Date of Award
Master of Science in Applied Physics
Department of Engineering Physics
David E. Weeks, PhD
Initial efforts to characterize the scattering dynamics of B + H2 focus on computing scattering matrix elements for the fine structure transition B (2P1/2) --> B (2P3/2) in collisions with H2, allowing for rotational excitation. Using a new application of the time dependent Channel Packet Method (CPM), reactant and product wave packets are prepared in the asymptotic limit on the B (2P1/2) and B (2P3/2) surfaces. They are propagated using the split operator method together wit a unitary transformation between the diabatic and adiabatic representations. Scattering matrix elements are computed from the Fourier transform of the correlation function between the evolving wave packets. These computations directly support the Air Force Office of Scientific Research (AFOSR) Molecular Dynamics program and the Air Force Research Laboratory (AFRL) High Energy Density Matter (HEDM) program. In particular, the CPM is well suited to handle non-adiabatic molecular reaction dynamics on multiple potential energy surfaces, as encountered in the dynamics of a wide variety of molecular systems, including B + H2. Further motivation for investigating the specific dynamics of B + H2 stems from the potential application of solid molecular hydrogen, doped with boron atoms, as a high energy rocket propellant.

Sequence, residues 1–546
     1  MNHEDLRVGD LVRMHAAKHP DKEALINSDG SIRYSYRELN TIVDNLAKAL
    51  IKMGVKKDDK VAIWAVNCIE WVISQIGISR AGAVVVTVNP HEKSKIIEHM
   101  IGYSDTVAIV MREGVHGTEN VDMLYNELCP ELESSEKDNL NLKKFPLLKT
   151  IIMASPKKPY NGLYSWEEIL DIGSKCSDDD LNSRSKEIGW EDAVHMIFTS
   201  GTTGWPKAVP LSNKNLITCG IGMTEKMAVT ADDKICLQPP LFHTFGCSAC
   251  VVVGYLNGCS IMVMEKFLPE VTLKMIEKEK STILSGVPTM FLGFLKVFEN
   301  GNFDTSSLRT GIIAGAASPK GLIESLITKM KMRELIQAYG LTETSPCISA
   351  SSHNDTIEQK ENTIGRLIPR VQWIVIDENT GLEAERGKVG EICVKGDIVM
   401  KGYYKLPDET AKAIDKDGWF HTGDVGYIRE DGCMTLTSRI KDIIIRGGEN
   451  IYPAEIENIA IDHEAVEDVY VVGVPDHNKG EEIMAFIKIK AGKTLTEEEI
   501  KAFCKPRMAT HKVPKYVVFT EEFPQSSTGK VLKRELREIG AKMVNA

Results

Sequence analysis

DTIC Accession Number
Niday, Thomas A., "Inelastic Scattering Matrix Elements for the Collision B (2P1/2) + H2(j) → B (2P3/2) + H2(j')" (1999). Theses and Dissertations. 5176.